“In some movies, allusions to other movies build on earlier thinking or, at times, become an index of authorial self-regard, intended mostly to close the distance between the original and the copy. Here, the allusions feel like the handiwork of someone who’s eager to make something cool and so borrows with promiscuous abandon.”

Justin Chang (Variety)

“Mashing together various elements from director Neill Blomkamp’s earlier sci-fi pictures (including another prominent role for Sharlto Copley), this South African spin on Short Circuit displays the same handheld immediacy and scene-setting verve as its predecessors, but all in service of a chaotically plotted story and a central character so frankly unappealing he almost makes Jar-Jar Binks seem like tolerable company by comparison.”

Kenneth Turan (Los Angeles Times) ▼

“The key culprit, inevitably, is auteur Blomkamp, who in this film favors a filmmaking style so sloppy and crude it’s impossible to tell if it’s the result of intention or ineptitude. Either way, in the absence of the strong ideas that animated District 9, Chappie is close to unwatchable for long stretches of time.”

Stephen Whitty (Newark Star-Ledger) ▼

“I’d ask what director and cowriter Neil Blomkamp was thinking, but I can safely guess: He’s thinking it was some sort of brilliant social commentary, just the way his overpraised District 9 commented on racial politics (only 25 years or so after Alien Nation did it better) and Elysium hysterically criticized the costs of medical care. Give Blomkamp a sledgehammer, and he’ll give you an editorial.”

David Edelstein (New York)

“Chappie—articulated by Blomkamp mascot Sharlto Copley—has his finer points. As a scaredy-cat ‘child,’ he throws up his steel arms and cowers spastically behind pieces of furniture, and his clumsy use of gangsta slang is funny in small doses. I like his tin-man mandibles and square peepers. But that voice! It really is as if Jar-Jar and C-3PO had mated to create the world’s most insufferable automaton.”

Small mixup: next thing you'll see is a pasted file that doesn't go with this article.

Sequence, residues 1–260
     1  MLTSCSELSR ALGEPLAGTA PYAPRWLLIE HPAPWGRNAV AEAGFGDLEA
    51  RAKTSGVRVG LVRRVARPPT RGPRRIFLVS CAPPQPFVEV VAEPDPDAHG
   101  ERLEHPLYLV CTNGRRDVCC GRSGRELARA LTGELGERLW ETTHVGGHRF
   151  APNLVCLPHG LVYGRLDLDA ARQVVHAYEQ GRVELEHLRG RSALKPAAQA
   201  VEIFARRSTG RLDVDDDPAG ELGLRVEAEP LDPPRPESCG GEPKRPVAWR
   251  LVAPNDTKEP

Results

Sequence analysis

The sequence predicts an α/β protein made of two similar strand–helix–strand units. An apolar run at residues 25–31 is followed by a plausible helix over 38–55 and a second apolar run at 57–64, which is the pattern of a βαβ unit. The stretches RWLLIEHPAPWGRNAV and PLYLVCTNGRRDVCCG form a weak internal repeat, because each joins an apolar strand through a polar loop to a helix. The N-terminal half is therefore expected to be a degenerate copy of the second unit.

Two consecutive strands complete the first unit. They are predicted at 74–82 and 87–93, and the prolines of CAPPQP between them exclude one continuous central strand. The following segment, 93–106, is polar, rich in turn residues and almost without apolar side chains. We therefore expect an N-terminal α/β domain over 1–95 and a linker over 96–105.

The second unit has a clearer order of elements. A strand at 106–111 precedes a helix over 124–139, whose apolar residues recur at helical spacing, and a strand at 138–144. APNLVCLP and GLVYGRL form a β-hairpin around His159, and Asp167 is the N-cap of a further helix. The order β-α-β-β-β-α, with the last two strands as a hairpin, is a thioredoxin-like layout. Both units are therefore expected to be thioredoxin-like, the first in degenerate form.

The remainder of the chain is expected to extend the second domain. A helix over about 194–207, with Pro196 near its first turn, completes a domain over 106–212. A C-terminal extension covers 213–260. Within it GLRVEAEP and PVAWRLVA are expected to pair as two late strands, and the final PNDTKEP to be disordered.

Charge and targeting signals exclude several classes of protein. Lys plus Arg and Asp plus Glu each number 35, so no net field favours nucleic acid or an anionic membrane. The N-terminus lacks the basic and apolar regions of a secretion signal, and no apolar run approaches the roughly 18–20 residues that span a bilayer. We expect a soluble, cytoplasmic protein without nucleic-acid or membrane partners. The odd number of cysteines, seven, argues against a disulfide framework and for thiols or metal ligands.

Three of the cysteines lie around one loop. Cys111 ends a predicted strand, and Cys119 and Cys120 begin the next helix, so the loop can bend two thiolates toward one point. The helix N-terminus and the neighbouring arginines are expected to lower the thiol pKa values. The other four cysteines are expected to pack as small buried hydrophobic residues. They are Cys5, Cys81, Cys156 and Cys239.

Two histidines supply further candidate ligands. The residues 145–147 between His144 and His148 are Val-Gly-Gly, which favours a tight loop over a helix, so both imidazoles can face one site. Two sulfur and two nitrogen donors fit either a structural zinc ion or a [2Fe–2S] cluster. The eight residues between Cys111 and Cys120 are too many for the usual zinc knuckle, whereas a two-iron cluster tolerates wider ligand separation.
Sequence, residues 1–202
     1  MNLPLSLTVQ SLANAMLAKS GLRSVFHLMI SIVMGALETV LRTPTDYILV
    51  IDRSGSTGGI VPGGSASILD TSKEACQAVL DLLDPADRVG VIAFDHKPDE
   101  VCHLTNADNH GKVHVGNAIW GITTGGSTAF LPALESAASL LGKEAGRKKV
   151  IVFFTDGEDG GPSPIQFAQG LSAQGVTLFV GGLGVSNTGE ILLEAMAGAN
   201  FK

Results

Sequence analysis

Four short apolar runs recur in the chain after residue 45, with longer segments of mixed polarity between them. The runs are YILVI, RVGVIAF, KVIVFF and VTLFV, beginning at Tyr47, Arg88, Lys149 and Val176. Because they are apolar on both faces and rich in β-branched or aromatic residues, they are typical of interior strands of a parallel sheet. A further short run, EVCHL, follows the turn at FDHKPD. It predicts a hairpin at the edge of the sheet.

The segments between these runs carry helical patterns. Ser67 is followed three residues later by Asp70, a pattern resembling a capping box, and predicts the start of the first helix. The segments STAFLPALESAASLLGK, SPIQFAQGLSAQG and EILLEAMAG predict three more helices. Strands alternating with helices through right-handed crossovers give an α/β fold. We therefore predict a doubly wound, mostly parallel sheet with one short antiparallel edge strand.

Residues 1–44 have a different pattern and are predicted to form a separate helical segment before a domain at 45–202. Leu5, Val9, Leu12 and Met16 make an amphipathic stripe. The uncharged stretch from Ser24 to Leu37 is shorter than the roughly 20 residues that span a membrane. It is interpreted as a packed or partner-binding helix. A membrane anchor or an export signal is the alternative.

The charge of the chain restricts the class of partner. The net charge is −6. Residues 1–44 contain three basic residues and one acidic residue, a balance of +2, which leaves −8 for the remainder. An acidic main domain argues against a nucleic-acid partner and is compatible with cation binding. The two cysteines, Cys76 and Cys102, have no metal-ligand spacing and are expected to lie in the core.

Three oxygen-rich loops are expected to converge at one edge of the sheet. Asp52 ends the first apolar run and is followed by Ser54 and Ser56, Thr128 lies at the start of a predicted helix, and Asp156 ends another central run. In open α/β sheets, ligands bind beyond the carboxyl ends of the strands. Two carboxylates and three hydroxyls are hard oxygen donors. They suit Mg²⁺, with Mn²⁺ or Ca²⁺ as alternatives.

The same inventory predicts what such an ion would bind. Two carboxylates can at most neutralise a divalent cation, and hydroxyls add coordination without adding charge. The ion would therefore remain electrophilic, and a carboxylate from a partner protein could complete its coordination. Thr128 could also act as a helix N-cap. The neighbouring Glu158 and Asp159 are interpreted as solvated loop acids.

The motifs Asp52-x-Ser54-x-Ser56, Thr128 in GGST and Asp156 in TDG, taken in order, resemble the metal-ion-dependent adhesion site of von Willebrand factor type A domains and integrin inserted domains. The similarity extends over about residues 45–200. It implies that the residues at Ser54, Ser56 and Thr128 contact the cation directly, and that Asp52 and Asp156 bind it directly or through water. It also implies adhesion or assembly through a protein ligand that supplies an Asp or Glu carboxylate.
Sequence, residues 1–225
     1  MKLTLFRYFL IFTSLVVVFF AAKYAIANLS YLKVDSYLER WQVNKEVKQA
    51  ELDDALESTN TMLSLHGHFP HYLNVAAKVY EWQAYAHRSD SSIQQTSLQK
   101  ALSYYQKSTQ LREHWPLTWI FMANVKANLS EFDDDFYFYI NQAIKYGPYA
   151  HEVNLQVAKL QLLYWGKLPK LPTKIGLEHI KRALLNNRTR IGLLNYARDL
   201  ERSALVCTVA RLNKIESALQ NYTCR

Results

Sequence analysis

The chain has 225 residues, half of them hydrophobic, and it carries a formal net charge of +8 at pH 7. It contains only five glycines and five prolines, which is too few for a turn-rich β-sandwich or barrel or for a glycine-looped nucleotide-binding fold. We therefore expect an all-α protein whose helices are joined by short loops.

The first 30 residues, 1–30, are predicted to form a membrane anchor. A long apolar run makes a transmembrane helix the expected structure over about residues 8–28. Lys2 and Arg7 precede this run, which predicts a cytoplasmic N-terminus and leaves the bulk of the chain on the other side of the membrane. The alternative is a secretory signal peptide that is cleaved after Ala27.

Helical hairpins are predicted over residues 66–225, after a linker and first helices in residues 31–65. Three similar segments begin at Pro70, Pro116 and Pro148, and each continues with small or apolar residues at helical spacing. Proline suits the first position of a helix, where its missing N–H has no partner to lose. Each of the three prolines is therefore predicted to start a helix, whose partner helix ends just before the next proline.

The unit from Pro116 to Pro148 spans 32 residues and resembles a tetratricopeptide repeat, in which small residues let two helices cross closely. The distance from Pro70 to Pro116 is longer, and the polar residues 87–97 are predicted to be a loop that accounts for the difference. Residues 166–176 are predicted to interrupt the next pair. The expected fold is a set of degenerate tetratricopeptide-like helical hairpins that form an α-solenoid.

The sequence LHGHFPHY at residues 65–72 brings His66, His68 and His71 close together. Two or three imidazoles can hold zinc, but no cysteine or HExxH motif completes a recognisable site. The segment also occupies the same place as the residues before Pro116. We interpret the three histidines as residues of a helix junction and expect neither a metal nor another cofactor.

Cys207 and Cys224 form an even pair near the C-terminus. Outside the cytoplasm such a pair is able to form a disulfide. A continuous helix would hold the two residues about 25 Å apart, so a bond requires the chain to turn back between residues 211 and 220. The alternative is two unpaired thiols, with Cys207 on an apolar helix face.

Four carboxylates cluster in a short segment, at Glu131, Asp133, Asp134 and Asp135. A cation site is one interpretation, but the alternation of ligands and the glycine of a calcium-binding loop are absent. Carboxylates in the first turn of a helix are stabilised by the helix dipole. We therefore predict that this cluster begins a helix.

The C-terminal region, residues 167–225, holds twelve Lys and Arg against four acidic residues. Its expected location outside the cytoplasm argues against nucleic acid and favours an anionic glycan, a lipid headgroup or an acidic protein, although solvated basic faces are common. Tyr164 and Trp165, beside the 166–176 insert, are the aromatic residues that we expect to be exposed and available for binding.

Michael O’Sullivan (Washington Post)

“In the role of a man who will stop at nothing—including allowing the streets of Johannesburg to descend into chaos in order to create more demand for his product—Jackman is simply painful to watch. But not as painful as it is to contemplate how naively the film treats the concept of artificial intelligence and robotics.”

Todd McCarthy (Hollywood Reporter)

“With the partial exception of [Yo-Landi] Visser, whose punky veneer nicely melts into motherly concern and warmth, the actors are straitjacketed with unlikable characters notable for their ill-advised judgment. No one’s any fun here, even in their villainy.”

Claudia Puig (USA Today)

“As Blomkamp melds big ideas with breathtaking action, the forces are sometimes at cross purposes. Scenes of thugs gone wild are extreme and almost silly. Drawn-out violent sequences grow wearying. … The titular character is the most endearing robot since WALL•E. Where that animated film made a dramatic social statement, Chappie gets mired in too many menacing subplots with cartoonish bad guys.”


Overall Metacritic rating (1-100): 42

Rotten Tomatoes: 31 percent

Rated: R

Length: 114 minutes

Starring Dev Patel, Sharlto Copley, Hugh Jackman, Sigourney Weaver

Directed by Neill Blomkamp

Distributor: Sony

2015 movie
  • Movie
  • 114 minutes